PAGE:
The National:

Winner in 2016: David Torrance (SNP)

THE fact that an area was represented at Westminster in the recent past by a serving prime minister and chancellor of the exchequer would normally be a strong indication that it’s politically very dull, because such a senior figure would almost always represent an ultra-safe seat.

However, Gordon Brown was still the MP for Kirkcaldy and Cowdenbeath when the sister Holyrood constituency of Kirkcaldy fell spectacularly to the SNP in the 2011 landslide, and after his retirement in 2015 the seemingly impossible happened with the Westminster seat going exactly the same way on a breathtaking swing of 35%.

One of the great unanswered questions is whether Brown would have been able to withstand the SNP tide in the 2015 election if he had tried to defend his seat. Even the much-loved former LibDem leader Charles Kennedy was defeated that year, but it’s just possible that Brown would have been the one person with a strong enough personal vote to cling on.

The unaccustomed excitement has continued since his departure, because the Westminster seat has changed hands twice more, and due to a suspension and a defection it’s been held by four different political designations over the last couple of years – first Labour, then Independent, then SNP, then Alba.

Lesley Laird unexpectedly took it back for Labour in 2017 by a narrow margin, leaving her as one of only seven Scottish MPs for her party, and putting her in line to become shadow Scottish secretary.

Consequently, the constituency became one of the SNP’s biggest opportunities to claim a major scalp at the 2019 General Election but they seemed to have squandered that chance in the middle of the campaign after withdrawing all support from their candidate Neale Hanvey in response to allegations of anti-Semitism.

In normal circumstances it ought to be nigh-on impossible for a suspended candidate to hold a seat, let alone to gain one – and indeed on paper Hanvey’s result was the worst of the night for the SNP, with his own vote share dropping back while the party surged forward everywhere else.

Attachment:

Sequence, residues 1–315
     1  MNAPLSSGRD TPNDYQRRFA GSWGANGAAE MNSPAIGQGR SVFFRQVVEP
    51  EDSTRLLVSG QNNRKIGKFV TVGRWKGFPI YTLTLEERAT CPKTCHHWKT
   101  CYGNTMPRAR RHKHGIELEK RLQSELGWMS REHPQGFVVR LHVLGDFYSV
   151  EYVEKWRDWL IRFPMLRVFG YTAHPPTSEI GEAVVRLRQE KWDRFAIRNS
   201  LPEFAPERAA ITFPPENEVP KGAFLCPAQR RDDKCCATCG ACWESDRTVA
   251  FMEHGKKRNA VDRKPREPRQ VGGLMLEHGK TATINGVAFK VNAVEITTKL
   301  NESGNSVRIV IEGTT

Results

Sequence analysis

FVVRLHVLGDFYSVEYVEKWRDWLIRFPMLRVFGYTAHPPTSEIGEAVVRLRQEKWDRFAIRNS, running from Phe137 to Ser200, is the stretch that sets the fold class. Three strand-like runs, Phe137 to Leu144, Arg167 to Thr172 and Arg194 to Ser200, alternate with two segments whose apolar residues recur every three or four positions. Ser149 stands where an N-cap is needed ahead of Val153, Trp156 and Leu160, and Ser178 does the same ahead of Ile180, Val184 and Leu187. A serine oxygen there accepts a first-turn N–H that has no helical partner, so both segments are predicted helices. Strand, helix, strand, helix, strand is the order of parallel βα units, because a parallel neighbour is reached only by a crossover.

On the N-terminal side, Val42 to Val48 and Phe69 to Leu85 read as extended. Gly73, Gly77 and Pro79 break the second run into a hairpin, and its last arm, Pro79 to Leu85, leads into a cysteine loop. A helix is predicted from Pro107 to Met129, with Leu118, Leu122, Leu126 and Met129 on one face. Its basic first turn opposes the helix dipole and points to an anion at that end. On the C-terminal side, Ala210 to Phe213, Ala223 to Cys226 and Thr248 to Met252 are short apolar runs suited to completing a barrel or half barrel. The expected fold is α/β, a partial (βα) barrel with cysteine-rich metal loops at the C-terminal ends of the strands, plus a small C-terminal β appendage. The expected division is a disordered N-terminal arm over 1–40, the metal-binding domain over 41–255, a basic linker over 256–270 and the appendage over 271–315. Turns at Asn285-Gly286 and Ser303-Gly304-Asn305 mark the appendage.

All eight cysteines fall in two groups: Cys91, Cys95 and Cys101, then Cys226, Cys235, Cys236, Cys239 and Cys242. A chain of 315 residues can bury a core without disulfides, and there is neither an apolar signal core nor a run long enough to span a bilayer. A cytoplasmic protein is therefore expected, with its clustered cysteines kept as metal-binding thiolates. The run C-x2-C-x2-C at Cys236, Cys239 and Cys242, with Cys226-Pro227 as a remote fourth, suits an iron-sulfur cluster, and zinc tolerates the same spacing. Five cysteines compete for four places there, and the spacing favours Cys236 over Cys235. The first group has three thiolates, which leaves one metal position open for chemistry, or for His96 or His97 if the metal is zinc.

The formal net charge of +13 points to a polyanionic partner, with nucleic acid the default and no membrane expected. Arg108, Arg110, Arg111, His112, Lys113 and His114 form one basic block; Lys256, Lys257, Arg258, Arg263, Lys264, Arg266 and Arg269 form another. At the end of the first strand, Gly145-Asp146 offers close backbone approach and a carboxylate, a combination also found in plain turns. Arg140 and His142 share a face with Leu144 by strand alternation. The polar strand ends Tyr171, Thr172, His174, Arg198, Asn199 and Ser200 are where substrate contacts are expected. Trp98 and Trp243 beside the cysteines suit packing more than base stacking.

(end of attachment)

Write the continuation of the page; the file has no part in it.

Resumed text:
However, Labour’s performance was dismal enough to allow Hanvey to make the gain even on a lower vote. In a paradoxical way, the SNP’s poorest result was also their most spectacular. Once in the House of Commons, Hanvey was deprived of the party whip for an extended period and thus served as an independent, but was eventually brought back into the fold as the 48th SNP MP.

He remained in the party until the start of the current election campaign when he launched a bid to become an Alba MSP – but of course he won’t be in competition with the SNP for the Kirkcaldy constituency, because Alba are confining themselves strictly to the list ballot. It’s doubtful whether the Westminster seat technically falling into another party’s hands will prove to be any sort of problem for the incumbent SNP MSP David Torrance.

Alba will be urging its supporters to vote for him, and he’ll start with a massive 24-point advantage over Labour, who are represented once again by the list MSP Claire Baker. On a uniform swing, Labour would practically have to draw level with the SNP on the nationwide constituency vote before they can expect to recapture the seat – instead recent polls have suggested they’re trailing by as much as 30 percentage points. In a very short space of time, the fact that Kirkcaldy was once Gordon Brown country has become a very distant memory.

The SNP can confidently expect to be dancing in the streets of Raith in early May.